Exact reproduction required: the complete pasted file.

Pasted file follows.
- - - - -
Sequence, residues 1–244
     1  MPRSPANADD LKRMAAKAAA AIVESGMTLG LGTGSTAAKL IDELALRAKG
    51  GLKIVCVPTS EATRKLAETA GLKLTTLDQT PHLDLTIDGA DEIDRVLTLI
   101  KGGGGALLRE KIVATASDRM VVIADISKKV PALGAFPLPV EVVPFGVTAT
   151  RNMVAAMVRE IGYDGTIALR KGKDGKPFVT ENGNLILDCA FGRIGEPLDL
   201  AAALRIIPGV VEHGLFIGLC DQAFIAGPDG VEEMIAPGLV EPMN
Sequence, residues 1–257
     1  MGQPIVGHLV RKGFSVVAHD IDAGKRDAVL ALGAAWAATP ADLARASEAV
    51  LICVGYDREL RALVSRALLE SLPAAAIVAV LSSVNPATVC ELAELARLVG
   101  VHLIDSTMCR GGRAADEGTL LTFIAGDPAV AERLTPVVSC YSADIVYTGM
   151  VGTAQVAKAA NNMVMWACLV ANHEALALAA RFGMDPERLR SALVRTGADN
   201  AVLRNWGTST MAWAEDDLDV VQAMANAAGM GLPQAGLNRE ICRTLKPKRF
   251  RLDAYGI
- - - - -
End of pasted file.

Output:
Sequence, residues 1–244
     1  MPRSPANADD LKRMAAKAAA AIVESGMTLG LGTGSTAAKL IDELALRAKG
    51  GLKIVCVPTS EATRKLAETA GLKLTTLDQT PHLDLTIDGA DEIDRVLTLI
   101  KGGGGALLRE KIVATASDRM VVIADISKKV PALGAFPLPV EVVPFGVTAT
   151  RNMVAAMVRE IGYDGTIALR KGKDGKPFVT ENGNLILDCA FGRIGEPLDL
   201  AAALRIIPGV VEHGLFIGLC DQAFIAGPDG VEEMIAPGLV EPMN
Sequence, residues 1–257
     1  MGQPIVGHLV RKGFSVVAHD IDAGKRDAVL ALGAAWAATP ADLARASEAV
    51  LICVGYDREL RALVSRALLE SLPAAAIVAV LSSVNPATVC ELAELARLVG
   101  VHLIDSTMCR GGRAADEGTL LTFIAGDPAV AERLTPVVSC YSADIVYTGM
   151  VGTAQVAKAA NNMVMWACLV ANHEALALAA RFGMDPERLR SALVRTGADN
   201  AVLRNWGTST MAWAEDDLDV VQAMANAAGM GLPQAGLNRE ICRTLKPKRF
   251  RLDAYGI